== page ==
On Wednesday the Department of the Treasury’s Financial Crimes Enforcement Network (FinCEN) published a proposed rulemaking entitled “Requirements for Certain Transactions Involving Convertible Virtual Currency or Digital Assets” in the Federal Registrar. The proposed regulations seek to “require banks and money service businesses (‘MSBs’) to submit reports, keep records, and verify the identity of customers in relation to transactions involving convertible virtual currency (‘CVC’) or digital assets with legal tender status (‘legal tender digital assets’ or LTDA’) held in unhosted wallets…”
FinCEN noted that this proposed rulemaking is set to be adopted under the Bank Secrecy Act (BSA). Accordingly, FinCEN declared that CVC, such as cryptocurrency or blockchain-based CVC, and LTDA will be considered “monetary instruments” under the BSA. Furthermore, individuals can move from dollars or another form of currency to cryptocurrency and vice versa in cryptocurrency exchanges.
Under this proposed regulation, FinCEN said it has sought to remedy the illegal finance threat posed by one portion of the CVC market and the expected growth in LTDAs based on similar technology principles by creating “a new reporting requirement with respect to certain transactions in CVC or LTDA, that is similar to the existing current transaction reporting requirement, and by establishing a new recordkeeping requirement for certain CVC/LTDA transactions, that is similar to the recordkeeping and travel rule regulations pertaining to funds transfers and transmittals of funds.”
This proposal arises out of FinCEN assessment that found there is a national security threat as bad actors are using CVCs more and more to “facilitate international terrorist financing, weapons proliferation, sanctions evasion, and transnational money laundering,” among other things. Furthermore, FinCEN noted that ransomware attacks and other events that demand payment often want it performed via CVC. Additionally, FinCEN proffered that this proposal would mean that BSA reporting and recordkeeping obligations are expanding. FinCEN claimed that it has worked with the cryptocurrency industry and taken their feedback for its proposal.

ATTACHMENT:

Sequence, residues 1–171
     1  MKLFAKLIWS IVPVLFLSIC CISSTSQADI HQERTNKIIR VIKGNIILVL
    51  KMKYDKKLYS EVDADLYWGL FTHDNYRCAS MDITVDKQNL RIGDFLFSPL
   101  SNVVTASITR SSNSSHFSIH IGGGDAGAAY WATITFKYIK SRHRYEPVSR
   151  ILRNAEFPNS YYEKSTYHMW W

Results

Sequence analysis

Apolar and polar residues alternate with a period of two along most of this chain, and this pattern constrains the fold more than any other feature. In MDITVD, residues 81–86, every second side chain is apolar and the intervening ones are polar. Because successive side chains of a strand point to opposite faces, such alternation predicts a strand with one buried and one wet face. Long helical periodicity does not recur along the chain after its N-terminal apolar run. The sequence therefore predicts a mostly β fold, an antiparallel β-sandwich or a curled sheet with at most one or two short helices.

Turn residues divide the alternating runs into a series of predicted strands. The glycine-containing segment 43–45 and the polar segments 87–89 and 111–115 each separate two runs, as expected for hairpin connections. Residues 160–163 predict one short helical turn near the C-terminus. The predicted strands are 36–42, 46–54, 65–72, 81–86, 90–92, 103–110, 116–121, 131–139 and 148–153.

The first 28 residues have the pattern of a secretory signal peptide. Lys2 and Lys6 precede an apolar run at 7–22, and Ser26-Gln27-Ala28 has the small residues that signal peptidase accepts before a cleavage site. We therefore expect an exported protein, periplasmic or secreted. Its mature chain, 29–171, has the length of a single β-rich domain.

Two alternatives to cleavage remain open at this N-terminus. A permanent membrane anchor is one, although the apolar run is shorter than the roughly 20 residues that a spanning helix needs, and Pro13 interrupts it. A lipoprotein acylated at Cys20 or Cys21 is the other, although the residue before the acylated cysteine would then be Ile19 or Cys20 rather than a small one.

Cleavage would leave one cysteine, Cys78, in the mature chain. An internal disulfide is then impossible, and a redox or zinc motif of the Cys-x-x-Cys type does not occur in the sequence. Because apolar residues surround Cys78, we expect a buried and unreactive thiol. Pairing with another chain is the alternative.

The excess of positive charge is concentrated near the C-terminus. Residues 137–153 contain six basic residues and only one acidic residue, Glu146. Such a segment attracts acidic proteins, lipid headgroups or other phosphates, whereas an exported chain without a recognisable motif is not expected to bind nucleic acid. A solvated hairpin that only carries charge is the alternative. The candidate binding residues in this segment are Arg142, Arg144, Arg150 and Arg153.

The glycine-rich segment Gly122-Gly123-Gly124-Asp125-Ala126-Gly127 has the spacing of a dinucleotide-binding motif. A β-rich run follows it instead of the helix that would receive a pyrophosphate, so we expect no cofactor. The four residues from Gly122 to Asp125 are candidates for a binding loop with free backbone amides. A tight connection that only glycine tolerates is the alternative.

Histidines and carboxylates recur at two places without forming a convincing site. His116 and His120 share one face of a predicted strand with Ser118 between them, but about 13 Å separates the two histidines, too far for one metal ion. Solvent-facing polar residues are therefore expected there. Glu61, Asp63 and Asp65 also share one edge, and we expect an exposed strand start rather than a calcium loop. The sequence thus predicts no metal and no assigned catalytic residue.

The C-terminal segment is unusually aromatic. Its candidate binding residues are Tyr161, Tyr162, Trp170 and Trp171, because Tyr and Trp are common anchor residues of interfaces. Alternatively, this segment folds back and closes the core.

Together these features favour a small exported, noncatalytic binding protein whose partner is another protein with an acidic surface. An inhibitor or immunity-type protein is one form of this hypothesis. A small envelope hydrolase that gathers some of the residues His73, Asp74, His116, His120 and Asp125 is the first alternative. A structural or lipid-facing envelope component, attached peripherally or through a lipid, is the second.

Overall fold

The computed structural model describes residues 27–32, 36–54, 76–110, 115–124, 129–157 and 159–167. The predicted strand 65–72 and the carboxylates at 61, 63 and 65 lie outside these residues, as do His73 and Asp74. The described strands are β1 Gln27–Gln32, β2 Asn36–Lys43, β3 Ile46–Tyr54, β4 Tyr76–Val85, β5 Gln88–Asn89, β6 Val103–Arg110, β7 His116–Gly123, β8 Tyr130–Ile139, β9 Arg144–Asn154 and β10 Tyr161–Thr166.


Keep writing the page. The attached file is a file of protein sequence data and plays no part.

Specifically, the proposal requires banks and MSBs “to file a report with FinCEN containing certain information related to a customer’s CVC or LTDA transaction and counterparty (including name and physical address), and to verify the identity of their customer, if a counterparty to the transaction is using an unhosted or otherwise covered wallet and the transaction is greater than $10,000 (or the transaction is one of multiple CVC transactions involving such counterparty wallets and the customer flowing through the bank or MSB within a 24-hour period that aggregate to value in or value out of greater than $10,000). Second, this proposed rule would require banks and MSBs to keep records of a customer’s CVC or LTDA transaction and counterparty, including verifying the identity of their customer, if a counterparty is using an unhosted or otherwise covered wallet and the transaction is greater than $3,000.”
The proposed rulemaking is open for public comments until January 4, 2021. However, cryptocurrency exchange platform Coinbase and the Electronic Frontier Foundation (EFF) have criticized the timeframe because of the holidays occurring during this 15-day period. Additionally, the EFF claimed that the proposal was removing important anonymity aspects of cryptocurrency transactions and would pose privacy issues, while also hindering the appeal of private wallets.
The EFF also noted that some cryptocurrencies like Bitcoin keep a public record of all transactions, therefore, if the name of a user connected with a particular Bitcoin address is known, a variety of information about the account is known, such as all the transactions that address has made. Thus, the EFF contended that “the government may have access to a massive amount of data beyond just what the regulation purports to cover.” Meanwhile, Coinbase stated that the proposal “would impose new and onerous reporting and recordkeeping requirements for cryptocurrency transactions.”